European Journal of Plant Pathology

, Volume 152, Issue 2, pp 395–407 | Cite as

Outcome of sexual reproduction in the Phytophthora infestans population in Estonian potato fields

  • Riinu Kiiker
  • Merili Hansen
  • Ingrid H. Williams
  • David E. L. Cooke
  • Eve Runno-Paurson


In this study, the Estonian population of Phytophthora infestans was characterized with mating type, sensitivity to metalaxyl, virulence on 11 potato R-gene differentials and 12 SSR markers to show the outcome of potential sexual reproduction in the population. During the three years 2010–2012, 141 P. infestans isolates, collected from 23 potato fields, showed quite a high and stable frequency of the A2 mating type, 48% of the total population. In 87% of all sampled potato fields, both mating types were recorded, suggesting continuous sexual reproduction of P. infestans and possible oospore production. Metalaxyl-sensitive isolates prevailed in all three years (68 out of 99 isolates). Amongst the 95 isolates tested, 51 virulence races were found. The race structure was diverse, and most pathotypes were unique, appearing only once; the two most common pathotypes, and, comprised 35% of the population. The P. infestans population was genetically highly diverse and most of the multilocus genotypes (MLGs) appeared only once. Furthermore, all of the MLGs appeared in only one of the three sampling years. Our results confirm that the high diversity in the Estonian P. infestans population is most likely the result of frequent sexual reproduction, which benefits the survival, adaptability and diversity of the pathogen in the climate of North-Eastern Europe.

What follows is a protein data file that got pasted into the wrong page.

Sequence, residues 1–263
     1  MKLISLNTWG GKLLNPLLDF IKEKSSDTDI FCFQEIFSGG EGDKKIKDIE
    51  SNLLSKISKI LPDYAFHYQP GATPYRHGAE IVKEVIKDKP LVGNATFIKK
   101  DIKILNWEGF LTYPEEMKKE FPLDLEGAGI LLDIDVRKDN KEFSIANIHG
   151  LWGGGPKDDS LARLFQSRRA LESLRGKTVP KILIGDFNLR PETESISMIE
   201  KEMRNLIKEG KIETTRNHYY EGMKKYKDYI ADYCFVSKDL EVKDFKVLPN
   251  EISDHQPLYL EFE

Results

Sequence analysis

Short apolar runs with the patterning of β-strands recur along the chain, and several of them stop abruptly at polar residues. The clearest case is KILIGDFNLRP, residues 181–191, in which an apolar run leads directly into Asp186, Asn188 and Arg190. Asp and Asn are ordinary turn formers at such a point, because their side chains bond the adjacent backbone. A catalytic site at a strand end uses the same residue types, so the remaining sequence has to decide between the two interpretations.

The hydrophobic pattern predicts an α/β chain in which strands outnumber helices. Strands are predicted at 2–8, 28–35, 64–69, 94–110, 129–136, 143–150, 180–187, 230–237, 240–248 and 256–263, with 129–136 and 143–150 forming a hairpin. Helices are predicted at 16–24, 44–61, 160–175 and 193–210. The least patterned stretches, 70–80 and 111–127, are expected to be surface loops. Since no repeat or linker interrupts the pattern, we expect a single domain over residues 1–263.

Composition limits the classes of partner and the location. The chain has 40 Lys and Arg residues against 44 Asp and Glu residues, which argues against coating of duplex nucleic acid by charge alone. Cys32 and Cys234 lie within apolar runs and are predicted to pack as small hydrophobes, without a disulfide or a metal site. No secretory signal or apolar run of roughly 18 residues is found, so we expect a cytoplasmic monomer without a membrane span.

SSR markers Genetic diversity Mating type Virulence Metalaxyl resistance Late blight 



Alice Aav, Gerit Dreyersdorff, Kätlin Jõgi, Liis Laane, Helina Nassar, Terje Tähtjärv and Grete Zahkna are thanked for technical support. We are grateful to Asko Hannukkala from the Natural Resources Institute Finland (Luke) for supplying tester isolates for mating type determination. Many thanks too to Dr. Eva Randall at the James Hutton Institute for technical assistance.


This study was supported by Estonian Foundation grant no 9432, Institutional research funding IUT36–2 of the Estonian Ministry of Education and Research, projects RESIST 3.2.0701.11–0003 and IPMBlight 2.0 8T150054PKTK. The Scottish Government is acknowledged for funding at the James Hutton Institute. The study visit to The James Hutton Institute was supported by the European Social Fund’s Doctoral Studies and Internationalisation Programme DoRa, which is carried out by Foundation Archimedes.

Compliance with ethical standards

Conflict of interest

The authors declare that they have no conflict of interest.

Supplementary material

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Copyright information

© Koninklijke Nederlandse Planteziektenkundige Vereniging 2018

Authors and Affiliations

  • Riinu Kiiker
    • 1
  • Merili Hansen
    • 1
  • Ingrid H. Williams
    • 1
  • David E. L. Cooke
    • 2
  • Eve Runno-Paurson
    • 1
  1. 1.Institute of Agricultural and Environmental SciencesEstonian University of Life SciencesTartuEstonia
  2. 2.The James Hutton InstituteDundeeUK

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